Apologies up front: I’ve never posted detailed instructions for something like this online, and I’m not sure how much is too much. I took both still photos and video. You should be able to follow along using just words and photos – the videos show more detail. Hope this is useful to someone!So, when is an afterthought heel appropriate? My favorite time to employ one is when I’m knitting with self-striping yarn and want to preserve the stripe sequence down the top of the sock (as with Felici yarn, which you know I love!). The afterthought heel would be attractive when using a contrasting yarn for heel, toe, and/or cuff. It could be a solution to a sock yarn shortage, as well.
My afterthought heel uses a line of waste yarn. Recently the Yarn Harlot showed a way to insert an afterthought heel without having inserted waste yarn – I haven’t tried that!
Here is my shorthand pattern for a plain vanilla sock with afterthought heel, sized to fit a woman:
My gauge: 8 st/in and 11 rounds/in in stockinette on 2.0 mm (US 0) needles (I use 2 circular needles)
CO 64. *K2 P2* rib for 15 rounds. Work in stockinette for 68 rounds. Insert waste yarn (over 32 stitches). Continue in stockinette for 63 more rounds, then begin toe.
Round 1: K1, SSK, K to last 3 stitches, K2tog, K1 on top needle – repeat for other needle (4 stitches decreased on round)
Round 2: K
Repeat rounds 1-2 until 28 stitches remain, then repeat round 1 only until 8 stitches remain (4 on each needle). Break yarn and pull through 8 stitches.
Heel: pick up stitches around waste yarn and remove waste yarn (64 stitches). Pick up extra stitches in gusset to suit you (I show 2 options below). Decrease as for toe decrease rounds 1-2 until 24 stitches remain (12 on each needle). Kitchener stitch.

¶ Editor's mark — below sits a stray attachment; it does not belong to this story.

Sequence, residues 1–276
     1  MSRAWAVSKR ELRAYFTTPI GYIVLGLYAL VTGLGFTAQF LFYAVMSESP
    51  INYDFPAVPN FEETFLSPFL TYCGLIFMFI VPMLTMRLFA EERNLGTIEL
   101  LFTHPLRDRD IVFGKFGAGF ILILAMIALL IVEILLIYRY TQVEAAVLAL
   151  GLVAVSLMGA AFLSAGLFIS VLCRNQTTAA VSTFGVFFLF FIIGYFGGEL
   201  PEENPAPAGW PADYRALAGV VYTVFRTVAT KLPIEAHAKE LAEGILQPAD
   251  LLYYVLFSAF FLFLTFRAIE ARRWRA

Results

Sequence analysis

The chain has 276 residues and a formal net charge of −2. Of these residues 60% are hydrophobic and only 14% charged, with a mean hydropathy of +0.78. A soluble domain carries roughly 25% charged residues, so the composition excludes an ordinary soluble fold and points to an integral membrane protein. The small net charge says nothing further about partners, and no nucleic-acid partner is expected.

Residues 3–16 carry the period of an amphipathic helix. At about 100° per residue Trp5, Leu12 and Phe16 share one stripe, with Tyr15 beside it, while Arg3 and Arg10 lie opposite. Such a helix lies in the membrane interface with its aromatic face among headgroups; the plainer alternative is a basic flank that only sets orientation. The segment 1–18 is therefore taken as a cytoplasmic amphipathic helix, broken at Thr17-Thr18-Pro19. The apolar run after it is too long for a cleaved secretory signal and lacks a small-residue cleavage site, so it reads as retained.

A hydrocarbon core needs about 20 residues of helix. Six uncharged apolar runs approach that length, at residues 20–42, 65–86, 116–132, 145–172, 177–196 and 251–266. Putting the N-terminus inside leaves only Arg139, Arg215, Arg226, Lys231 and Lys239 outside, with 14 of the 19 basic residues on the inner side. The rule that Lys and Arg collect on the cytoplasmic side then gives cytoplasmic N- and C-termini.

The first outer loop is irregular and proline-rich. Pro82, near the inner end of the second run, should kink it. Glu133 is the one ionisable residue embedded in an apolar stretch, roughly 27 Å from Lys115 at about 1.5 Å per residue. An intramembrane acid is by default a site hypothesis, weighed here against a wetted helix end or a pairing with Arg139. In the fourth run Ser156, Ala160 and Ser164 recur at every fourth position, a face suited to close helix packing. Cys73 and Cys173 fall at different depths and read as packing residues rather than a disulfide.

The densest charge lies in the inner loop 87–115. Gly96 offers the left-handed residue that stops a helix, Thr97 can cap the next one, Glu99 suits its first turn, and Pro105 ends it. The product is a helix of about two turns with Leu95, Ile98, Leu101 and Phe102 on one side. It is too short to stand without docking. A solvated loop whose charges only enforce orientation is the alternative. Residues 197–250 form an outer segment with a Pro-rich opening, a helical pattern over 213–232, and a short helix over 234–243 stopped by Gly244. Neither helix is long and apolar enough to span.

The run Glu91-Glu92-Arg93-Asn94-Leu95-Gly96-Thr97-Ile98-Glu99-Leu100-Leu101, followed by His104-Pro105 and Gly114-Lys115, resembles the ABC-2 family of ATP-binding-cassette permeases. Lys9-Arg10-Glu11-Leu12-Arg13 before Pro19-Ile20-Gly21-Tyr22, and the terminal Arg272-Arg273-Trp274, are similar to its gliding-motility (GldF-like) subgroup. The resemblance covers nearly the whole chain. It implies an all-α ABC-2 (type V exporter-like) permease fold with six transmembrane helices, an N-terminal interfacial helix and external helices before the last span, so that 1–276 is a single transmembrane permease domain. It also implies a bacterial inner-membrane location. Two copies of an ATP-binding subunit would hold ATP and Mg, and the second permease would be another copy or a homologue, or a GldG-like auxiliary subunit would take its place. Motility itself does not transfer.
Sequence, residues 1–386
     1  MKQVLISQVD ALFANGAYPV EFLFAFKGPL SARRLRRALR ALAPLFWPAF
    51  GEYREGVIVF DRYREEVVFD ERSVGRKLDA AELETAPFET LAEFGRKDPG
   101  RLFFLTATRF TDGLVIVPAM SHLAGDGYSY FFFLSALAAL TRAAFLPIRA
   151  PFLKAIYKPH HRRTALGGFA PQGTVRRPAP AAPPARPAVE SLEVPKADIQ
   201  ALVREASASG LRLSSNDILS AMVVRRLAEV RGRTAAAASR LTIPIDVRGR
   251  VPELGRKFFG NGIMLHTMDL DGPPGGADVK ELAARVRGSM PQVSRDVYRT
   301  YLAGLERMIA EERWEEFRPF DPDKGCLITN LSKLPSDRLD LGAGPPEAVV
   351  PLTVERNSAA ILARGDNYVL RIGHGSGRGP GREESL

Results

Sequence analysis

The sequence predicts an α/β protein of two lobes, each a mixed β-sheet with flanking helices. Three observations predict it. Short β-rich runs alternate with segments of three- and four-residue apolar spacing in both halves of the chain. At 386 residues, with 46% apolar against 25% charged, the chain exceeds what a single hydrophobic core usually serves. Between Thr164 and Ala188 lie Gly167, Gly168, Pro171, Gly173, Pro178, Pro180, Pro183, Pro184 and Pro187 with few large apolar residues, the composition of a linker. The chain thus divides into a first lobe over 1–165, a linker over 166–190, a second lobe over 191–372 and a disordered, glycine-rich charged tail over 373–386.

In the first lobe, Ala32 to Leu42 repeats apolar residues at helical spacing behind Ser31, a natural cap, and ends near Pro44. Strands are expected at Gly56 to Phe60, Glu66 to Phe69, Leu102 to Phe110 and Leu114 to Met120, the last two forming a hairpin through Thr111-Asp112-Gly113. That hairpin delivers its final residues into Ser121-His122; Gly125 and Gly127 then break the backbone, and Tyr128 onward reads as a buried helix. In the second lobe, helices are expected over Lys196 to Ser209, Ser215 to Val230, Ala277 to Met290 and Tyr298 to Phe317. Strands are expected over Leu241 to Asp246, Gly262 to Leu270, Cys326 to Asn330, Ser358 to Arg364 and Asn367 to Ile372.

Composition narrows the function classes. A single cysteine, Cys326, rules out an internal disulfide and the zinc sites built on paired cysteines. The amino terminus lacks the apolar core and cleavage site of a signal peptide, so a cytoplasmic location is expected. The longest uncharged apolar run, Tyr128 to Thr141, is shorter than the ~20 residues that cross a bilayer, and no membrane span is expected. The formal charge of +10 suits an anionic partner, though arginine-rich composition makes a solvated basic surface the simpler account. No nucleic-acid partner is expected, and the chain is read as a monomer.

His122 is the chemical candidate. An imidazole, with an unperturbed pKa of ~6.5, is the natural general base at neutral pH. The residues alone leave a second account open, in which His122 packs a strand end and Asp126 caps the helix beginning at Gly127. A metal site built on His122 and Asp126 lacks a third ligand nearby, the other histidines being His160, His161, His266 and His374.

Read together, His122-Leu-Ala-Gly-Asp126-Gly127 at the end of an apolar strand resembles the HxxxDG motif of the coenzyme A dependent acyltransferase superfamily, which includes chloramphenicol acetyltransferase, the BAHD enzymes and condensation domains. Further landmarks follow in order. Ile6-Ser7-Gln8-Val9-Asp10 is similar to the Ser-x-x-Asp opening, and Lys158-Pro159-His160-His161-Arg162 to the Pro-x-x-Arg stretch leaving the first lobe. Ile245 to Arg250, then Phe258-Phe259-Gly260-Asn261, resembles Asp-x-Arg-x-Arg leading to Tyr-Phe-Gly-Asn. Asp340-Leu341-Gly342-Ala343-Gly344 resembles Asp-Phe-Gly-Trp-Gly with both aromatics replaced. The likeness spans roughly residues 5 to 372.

Now let’s break it down…
Before you cast on, consider whether you would like your socks to match exactly. If you want them to match, you need to begin in a way that is replicable when it’s time to begin the second sock. I pull yarn out of the ball until I see the first color change, and I cut the yarn there. Then I continue to pull until the color changes again and hold the yarn at the color change. I fold the yarn so that I can find the exact middle of one color, and put my slip knot at that midpoint. Then I cast on. There are lots of other ways you could do this, but I tend to use this one because it doesn’t require a tape measure. It works well when color changes are long.
When you think your cuff/leg is long enough, knit waste yarn onto one half of the total number of stitches (for me, this is 32). Use a contrasting color so that it is easy to see. When I knit with wide stripes, I like to stop in the middle of a stripe (later, I will begin knitting the heel in that same color – just my personal preference!). (See Video – Afterthought Heel – step 1.) Then keep knitting with the main color. (See Video – Afterthought Heel – step 2 and Video – Afterthought Heel – step 3.) The waste yarn is easier to see after you’ve gotten past it a bit: Put your favorite toe on the sock. How do you know when it’s time to begin the toe? I started my toe decrease about 5.5” past the waste yarn, but this will vary by length of foot. I’m a little on the picky side about sock fit, so when I’m using a yarn for the first time, I will stop and put in the afterthought heel BEFORE finishing the toe, so that I can try the sock on and measure the foot length precisely. Also, an afterthought heel takes up fewer stitches and less fabric than a flap-style heel, so take this into account if you are using another sock as a guide. [Also note that the toe in the video is a little pointier than the one I described in the pattern above – I improved it later…]
Now you have a tube sock with waste yarn in the middle of half of it:It’s time to get the waste yarn OUT and your needles back IN. Look closely at the line of waste yarn – it’s just a line of knit stitches. Make sure you can see the Vs (if your Vs are upside down, you might need to flip the sock – hold it in the direction you originally knit it). Now look at the row of knitting just above (and below) the waste yarn and see the Vs. Pick up the right leg of each V stitch on that row (it helps to use a pointy needle if you have one). You should get 32. (See Video – Afterthought Heel – step 4.) All done!If you picked up the left leg of the V instead of the right leg, don’t fret. Your stitch will be twisted, but this is easily corrected – either reposition the stitch on the needle when you come to it, or knit it through the back loop when you come to it.